Take the 2-minute tour ×
Android Enthusiasts Stack Exchange is a question and answer site for enthusiasts and power users of the Android operating system. It's 100% free, no registration required.

I rooted my Dream/G1 last night and finally gave up on modding it (not for good mind you, but for the moment) and opted instead to just restore it to factory settings via Settings > SD card & phone storage > Factory data reset, which did solve all the problems I was having with multitasking (and not being able to answer it, etc.)

Curiously, I still seem to have root on the phone, despite having reset it. I'd love to understand how that is possible! Superuser Permissions is the only non-stock app still on the phone, and I'm still able to use su to gain root privileges from adb shell. Is this because BusyBox installs to my SD Card?

My phone works just fine, so this is hardly critical, but the whole exercise was/is about knowing my phone better and this is most def. a mystery. Thanks!

share|improve this question
2  
Can you point us to the method you used? –  Matthew Read Mar 20 '11 at 16:57
    
Good point. Updating the post to include that detail. –  Amanda Mar 21 '11 at 12:15
add comment

3 Answers

up vote 5 down vote accepted

Root things (su, busybox and Superuser.apk) are installed in /system, which is usually on a special partition. This partition is usually mounted as read-only. (Remember mount command, that is neccesary to allow writing there...) It is likely that this partition is not affected by master reset.

share|improve this answer
    
Note: @Redh3ad confirmed this in his comment: A factory reset only wipes the userdata partition and cache. Superuser.apk and su are copied to system partition when rooting, so a factory reset doesn't touch these files. –  Amanda Mar 21 '11 at 12:24
add comment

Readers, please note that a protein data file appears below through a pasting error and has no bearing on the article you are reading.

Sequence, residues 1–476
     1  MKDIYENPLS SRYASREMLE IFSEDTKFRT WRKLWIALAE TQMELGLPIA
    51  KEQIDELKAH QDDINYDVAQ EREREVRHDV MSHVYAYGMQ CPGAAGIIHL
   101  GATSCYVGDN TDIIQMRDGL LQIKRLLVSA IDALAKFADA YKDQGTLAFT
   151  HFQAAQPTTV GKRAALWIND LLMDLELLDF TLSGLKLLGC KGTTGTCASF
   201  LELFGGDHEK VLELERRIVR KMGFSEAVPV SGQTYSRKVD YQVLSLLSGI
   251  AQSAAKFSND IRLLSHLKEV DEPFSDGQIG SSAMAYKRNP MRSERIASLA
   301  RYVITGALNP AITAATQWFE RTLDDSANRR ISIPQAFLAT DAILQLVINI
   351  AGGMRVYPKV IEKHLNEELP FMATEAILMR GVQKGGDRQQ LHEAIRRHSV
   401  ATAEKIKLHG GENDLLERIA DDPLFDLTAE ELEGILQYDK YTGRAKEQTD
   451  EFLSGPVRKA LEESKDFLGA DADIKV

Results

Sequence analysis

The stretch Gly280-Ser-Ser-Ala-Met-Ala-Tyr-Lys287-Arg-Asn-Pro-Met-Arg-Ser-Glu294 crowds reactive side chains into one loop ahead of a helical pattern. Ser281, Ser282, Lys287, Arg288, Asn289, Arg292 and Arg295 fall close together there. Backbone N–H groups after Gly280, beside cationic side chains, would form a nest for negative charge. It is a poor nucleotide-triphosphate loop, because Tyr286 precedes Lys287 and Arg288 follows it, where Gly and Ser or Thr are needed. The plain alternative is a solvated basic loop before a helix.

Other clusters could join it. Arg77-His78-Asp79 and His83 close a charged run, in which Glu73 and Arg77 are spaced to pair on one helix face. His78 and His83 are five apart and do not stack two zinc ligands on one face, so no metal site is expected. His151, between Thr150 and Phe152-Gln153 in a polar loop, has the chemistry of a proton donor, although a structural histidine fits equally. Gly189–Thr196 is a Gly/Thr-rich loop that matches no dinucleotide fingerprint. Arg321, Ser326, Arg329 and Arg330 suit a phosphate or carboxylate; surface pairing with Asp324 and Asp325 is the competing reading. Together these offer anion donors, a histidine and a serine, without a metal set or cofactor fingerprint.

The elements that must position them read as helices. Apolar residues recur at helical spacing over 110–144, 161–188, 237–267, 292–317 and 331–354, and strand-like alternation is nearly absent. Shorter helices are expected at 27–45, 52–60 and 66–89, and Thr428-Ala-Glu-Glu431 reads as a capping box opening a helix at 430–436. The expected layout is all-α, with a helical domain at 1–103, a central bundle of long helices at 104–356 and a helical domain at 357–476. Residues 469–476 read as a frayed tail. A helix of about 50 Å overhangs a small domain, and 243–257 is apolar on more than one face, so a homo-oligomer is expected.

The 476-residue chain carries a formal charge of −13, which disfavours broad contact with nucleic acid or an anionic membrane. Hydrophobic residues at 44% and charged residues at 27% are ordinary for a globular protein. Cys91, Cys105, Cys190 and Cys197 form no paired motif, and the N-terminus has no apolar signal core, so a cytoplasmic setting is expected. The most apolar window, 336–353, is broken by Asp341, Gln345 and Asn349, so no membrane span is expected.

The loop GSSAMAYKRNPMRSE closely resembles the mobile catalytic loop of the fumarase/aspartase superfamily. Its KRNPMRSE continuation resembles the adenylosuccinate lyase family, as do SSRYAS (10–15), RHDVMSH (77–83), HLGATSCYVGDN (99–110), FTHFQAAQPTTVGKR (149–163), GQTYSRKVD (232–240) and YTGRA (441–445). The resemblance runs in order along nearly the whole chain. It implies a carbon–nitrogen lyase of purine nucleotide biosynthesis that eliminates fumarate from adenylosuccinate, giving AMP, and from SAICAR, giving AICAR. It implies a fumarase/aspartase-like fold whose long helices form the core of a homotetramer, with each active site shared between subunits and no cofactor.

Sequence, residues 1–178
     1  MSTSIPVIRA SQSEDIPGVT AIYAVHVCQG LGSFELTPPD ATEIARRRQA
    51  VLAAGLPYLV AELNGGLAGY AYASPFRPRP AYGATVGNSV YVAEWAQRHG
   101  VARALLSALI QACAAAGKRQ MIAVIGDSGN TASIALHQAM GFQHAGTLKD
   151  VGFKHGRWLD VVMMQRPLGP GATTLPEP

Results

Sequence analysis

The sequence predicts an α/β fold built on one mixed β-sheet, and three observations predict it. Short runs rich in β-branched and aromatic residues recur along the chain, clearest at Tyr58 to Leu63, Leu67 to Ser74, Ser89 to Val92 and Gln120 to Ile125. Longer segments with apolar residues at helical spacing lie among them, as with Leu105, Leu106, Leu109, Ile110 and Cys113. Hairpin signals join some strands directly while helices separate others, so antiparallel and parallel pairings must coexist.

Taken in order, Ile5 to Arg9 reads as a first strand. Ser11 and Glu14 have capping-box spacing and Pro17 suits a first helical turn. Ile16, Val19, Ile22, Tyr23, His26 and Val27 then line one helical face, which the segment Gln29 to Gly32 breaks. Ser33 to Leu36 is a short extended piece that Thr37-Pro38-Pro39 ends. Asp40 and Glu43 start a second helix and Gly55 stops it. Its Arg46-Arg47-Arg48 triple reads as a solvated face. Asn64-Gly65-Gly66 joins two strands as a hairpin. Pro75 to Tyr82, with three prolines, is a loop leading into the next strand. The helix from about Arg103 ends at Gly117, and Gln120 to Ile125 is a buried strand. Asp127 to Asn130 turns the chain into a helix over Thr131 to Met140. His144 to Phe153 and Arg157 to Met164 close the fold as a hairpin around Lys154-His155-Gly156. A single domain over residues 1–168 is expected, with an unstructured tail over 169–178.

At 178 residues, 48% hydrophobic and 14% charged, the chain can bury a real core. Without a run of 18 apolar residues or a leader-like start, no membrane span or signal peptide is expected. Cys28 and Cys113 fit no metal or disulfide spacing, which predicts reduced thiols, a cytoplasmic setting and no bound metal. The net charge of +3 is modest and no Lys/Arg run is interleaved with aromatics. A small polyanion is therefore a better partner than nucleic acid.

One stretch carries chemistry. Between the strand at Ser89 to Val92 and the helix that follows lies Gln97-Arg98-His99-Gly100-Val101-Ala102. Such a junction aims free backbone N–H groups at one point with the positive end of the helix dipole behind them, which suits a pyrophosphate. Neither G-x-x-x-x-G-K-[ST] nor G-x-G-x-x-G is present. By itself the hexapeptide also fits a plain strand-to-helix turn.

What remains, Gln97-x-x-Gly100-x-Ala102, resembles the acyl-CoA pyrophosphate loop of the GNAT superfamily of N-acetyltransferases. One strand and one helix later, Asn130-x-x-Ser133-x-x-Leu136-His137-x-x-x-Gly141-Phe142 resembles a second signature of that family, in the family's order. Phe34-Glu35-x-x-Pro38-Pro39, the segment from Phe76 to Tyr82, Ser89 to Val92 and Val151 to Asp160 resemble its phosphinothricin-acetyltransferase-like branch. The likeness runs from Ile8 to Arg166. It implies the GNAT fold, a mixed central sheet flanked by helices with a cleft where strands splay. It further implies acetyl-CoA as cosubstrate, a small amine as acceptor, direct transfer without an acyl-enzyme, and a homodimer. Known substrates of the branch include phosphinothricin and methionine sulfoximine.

If you want to remove root access from your phone you need to un-root it (these are for the G1 ONLY):

http://theunlockr.com/2010/09/23/how-to-unroot-the-htc-g1-dream/

or

http://androidforums.com/android-lounge/5097-unrooting-g1.html

The links I provided are just a starting point - I have never un-rooted so I can't speak to the method but I know that a "Factory Rest" / "Hard Reset" will NOT remove 'root'. I have done a "Hard Reset" though and have experienced the same thing as you - you still have root and any apps that were part of rooting and whatever custom ROM you flashed - everything else is gone. This will just clear your user-data and apps (and possibly some other things that I just don't know about) but the phone will still be rooted if you had done that before you did the "Hard Rest". As one of the links states one of the main reasons for un-rooting is for turning your phone in for warranty repairs.

Hope this helps.

share|improve this answer
add comment

You should test your phone to see if you actually still have root access, or if for some odd reason restoring your phone to stock didn't remove the icon for the superuser app.

Go to the market and download something like Barnacle (adhoc WiFi AP app) or AndroSS (screenshot app) and try to run whatever you download. If it request su access, you allow it, and it actually performs the task it's designed for then you still have root. If it doesn't prompt you for su access or if it does but them seemingly doesn't respond properly then odds are the factory reset removed your root access without cleaning up after itself.

As far as why you wouldn't have root but still have the superuser app installed? That's something that would require a lot more digging, I think.

share|improve this answer
2  
Amanda says she restored to factory settings, not that she reflashed the original ROM etc. IMO, all that has occurred is that the various settings have been restored to their original state and the user data has been wiped. Whatever exploit was used to gain root access still remains which is why she's still rooted. –  Sparx Mar 20 '11 at 18:12
    
@Sparx - I was under the impression that a factory reset brought the firmware back to stock settings (meaning no apps installed that didn't come with the phone at stock) which would mean the superuser app shouldn't have persisted as you don't get that from the Market where your account will redownload anything you had previously installed (at least on 2.2 it will). Of course the main difference between our perspectives lies within the method that the factory reset option uses to accomplish it's task. –  JonnyP Mar 20 '11 at 18:57
5  
A factory reset only wipes the userdata partition and cache. Superuser.apk and su are copied to system partition when rooting, so a factory reset doesn't touch these files. –  Redh3ad Mar 20 '11 at 19:39
1  
@ Redh3ad - Now I know, and knowing's half the battle. You should submit this as an answer so that you can get the credit for it. –  JonnyP Mar 20 '11 at 20:22
1  
@redh3ad mentions what I surmised with a great deal more of clarity. –  Sparx Mar 21 '11 at 6:24
show 2 more comments

Your Answer

 
discard

By posting your answer, you agree to the privacy policy and terms of service.

Not the answer you're looking for? Browse other questions tagged or ask your own question.